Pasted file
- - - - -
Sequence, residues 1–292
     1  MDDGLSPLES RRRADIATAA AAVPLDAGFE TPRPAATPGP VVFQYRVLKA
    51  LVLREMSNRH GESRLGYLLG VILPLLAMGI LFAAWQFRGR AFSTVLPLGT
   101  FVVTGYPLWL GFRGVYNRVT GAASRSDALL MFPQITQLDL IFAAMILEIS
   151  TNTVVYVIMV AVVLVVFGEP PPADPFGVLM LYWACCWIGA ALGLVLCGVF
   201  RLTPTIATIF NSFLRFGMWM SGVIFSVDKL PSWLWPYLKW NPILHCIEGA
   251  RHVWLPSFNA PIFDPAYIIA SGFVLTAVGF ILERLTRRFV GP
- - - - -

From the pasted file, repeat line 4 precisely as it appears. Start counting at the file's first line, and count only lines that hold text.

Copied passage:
   101  FVVTGYPLWL GFRGVYNRVT GAASRSDALL MFPQITQLDL IFAAMILEIS